Theresa May is heading for a renewed showdown with the courts over the rights of foreign prisoners battling to avoid deportation after signalling yesterday that she would bring in primary legislation if judges failed to implement new rules.
The Guardian reports that the home secretary will seek the backing of parliament to give priority to deportation above the right to family life enshrined in article 8 of the European convention on human rights.
A father, whose 12-year-old daughter was knocked down and killed by a failed asylum seeker, has welcomed Theresa May's calls to seek the backing of Parliament for new guidelines on how courts should apply the European Convention on Human Rights on the deportation of foreign criminals.
Paul Houston's daughter Amy died after being hit by Iraqi Kurd Aso Mohammed Ibrahim’s car in Blackburn in November 2003. He fought for Ibrahim to be deported, but in 2011 Ibrahim was allowed to stay under Human Rights laws, because he now has two children in the UK.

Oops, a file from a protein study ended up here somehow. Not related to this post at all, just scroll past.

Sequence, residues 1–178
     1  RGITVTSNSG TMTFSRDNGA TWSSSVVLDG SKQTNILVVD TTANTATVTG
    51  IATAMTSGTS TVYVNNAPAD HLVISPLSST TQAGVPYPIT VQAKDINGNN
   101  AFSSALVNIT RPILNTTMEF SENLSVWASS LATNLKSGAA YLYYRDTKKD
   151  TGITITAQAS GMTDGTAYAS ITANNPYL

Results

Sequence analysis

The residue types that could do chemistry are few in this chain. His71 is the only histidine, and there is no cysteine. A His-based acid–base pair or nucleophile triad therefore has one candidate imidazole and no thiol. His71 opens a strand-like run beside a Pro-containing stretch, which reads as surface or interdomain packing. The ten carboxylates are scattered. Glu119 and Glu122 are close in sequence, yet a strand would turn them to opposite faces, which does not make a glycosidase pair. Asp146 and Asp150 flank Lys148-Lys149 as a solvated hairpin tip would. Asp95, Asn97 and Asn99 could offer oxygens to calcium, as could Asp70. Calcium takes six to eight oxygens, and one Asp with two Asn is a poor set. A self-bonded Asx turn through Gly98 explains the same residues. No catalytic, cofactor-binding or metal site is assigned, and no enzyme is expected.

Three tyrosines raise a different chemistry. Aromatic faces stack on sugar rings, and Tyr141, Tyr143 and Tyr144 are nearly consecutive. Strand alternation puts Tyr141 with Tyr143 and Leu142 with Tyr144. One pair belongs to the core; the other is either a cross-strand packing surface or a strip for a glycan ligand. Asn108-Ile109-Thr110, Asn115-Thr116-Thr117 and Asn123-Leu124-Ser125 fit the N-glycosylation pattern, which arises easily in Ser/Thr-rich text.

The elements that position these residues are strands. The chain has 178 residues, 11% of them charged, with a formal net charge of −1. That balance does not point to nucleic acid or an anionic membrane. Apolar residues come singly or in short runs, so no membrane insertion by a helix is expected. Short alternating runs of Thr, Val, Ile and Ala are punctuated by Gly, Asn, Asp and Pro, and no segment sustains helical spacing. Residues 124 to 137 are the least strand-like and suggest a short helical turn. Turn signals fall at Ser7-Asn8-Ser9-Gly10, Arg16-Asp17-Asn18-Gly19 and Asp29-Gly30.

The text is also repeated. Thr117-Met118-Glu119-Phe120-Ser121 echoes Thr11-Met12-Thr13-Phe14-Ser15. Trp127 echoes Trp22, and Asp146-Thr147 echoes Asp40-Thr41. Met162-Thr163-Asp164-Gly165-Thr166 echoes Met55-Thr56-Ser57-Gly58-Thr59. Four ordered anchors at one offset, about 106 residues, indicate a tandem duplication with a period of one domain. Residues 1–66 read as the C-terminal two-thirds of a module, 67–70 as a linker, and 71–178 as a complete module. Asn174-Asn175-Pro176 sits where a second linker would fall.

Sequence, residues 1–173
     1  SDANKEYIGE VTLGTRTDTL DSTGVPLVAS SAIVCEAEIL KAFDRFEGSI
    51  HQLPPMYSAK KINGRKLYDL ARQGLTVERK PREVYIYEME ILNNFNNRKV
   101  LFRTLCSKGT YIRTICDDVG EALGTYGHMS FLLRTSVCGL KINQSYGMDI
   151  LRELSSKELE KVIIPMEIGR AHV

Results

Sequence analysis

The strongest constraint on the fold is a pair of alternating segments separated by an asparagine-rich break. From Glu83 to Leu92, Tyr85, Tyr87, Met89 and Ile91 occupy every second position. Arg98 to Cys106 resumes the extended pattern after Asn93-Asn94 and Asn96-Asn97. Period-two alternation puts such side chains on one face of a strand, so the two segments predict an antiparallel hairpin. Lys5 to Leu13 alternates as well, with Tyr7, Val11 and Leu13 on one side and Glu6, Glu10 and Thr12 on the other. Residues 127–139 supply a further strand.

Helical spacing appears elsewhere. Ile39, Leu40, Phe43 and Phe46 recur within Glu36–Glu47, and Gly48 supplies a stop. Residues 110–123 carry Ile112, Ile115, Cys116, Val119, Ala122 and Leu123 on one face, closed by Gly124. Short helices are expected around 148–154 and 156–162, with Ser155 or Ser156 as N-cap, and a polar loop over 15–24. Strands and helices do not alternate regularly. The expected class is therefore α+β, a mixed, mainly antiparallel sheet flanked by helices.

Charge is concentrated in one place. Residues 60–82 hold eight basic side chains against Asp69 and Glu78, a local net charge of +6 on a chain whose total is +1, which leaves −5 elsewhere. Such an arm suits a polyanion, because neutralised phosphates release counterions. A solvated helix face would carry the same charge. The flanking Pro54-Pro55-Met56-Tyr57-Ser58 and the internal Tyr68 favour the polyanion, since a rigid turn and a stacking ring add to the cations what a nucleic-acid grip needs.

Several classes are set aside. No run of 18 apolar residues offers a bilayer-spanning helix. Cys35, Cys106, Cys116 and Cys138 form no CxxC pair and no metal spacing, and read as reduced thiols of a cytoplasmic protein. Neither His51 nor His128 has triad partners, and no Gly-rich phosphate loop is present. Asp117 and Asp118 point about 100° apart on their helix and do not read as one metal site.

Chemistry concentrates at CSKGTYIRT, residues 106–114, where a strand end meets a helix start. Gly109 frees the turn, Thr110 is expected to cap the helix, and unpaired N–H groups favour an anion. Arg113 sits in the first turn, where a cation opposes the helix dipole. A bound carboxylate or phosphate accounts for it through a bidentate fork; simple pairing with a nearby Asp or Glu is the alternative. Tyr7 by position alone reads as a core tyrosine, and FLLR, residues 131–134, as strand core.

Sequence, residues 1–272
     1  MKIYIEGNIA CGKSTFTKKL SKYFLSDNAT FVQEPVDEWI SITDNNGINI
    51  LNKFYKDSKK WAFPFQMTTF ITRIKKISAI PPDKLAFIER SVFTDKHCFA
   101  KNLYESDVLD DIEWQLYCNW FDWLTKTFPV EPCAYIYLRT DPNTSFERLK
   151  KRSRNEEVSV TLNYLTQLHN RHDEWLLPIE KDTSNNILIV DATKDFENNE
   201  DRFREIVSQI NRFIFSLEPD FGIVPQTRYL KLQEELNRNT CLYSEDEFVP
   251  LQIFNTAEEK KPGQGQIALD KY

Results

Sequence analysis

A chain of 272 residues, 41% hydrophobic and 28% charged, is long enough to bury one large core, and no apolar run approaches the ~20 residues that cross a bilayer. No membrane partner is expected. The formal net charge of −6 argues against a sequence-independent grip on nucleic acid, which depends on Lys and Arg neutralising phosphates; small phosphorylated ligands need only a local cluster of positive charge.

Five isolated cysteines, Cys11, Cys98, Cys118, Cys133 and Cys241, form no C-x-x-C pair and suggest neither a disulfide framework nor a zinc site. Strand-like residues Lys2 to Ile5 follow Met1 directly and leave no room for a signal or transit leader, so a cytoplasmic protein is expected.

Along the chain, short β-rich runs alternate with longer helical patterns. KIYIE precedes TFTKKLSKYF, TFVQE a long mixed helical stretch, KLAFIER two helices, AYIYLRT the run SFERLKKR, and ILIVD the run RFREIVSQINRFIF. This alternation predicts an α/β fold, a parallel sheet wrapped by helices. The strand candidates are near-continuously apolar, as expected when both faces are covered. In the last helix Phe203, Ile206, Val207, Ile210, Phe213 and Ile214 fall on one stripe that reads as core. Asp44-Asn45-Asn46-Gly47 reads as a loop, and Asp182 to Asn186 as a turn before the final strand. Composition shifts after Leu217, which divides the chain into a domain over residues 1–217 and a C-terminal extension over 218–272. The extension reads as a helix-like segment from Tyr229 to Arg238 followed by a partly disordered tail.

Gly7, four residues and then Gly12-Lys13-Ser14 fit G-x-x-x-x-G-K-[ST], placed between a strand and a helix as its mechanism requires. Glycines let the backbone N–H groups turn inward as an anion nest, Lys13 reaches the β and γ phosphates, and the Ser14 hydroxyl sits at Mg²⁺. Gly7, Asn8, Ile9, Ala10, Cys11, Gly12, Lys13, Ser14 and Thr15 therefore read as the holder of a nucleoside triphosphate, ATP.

What I am going to do is actually set out the rules that say this is what Parliament, this is what the public believe is how you balance the public interest against the individual's interest.
We are going to ask Parliament to vote on this to say very clearly what constitutes the right to a family life.
I would expect that judges will look at what Parliament will say and that they will take into account what Parliament has said. If they don't then we will have to look at other measures and that could include primary legislation.
Home Secretary Theresa May today issued a warning to judges that their powers to block the deportation of foreign criminals on human rights grounds must be curbed.
Mrs May said she would be seeking the backing Parliament for new guidelines for the courts spelling out how the courts should apply the European Convention on Human Rights in such cases.
In particular, she said she would be making clear that the right to a family life enshrined in Article 8 of the convention - used by some foreign criminals to appeal against removal from the country - was not absolute.
She complained the judges were not taking account of the wider public interest in the way the convention enabled them to.
And she warned that if they ignored the will of Parliament, she would bring in new legislation to ensure that it was enforced.
"This is not an absolute right. So in the interests of the economy or of controlling migration or of public order - those sort of issues - the state has a right to qualify this right to a family life," she told BBC1's The Andrew Marr Show.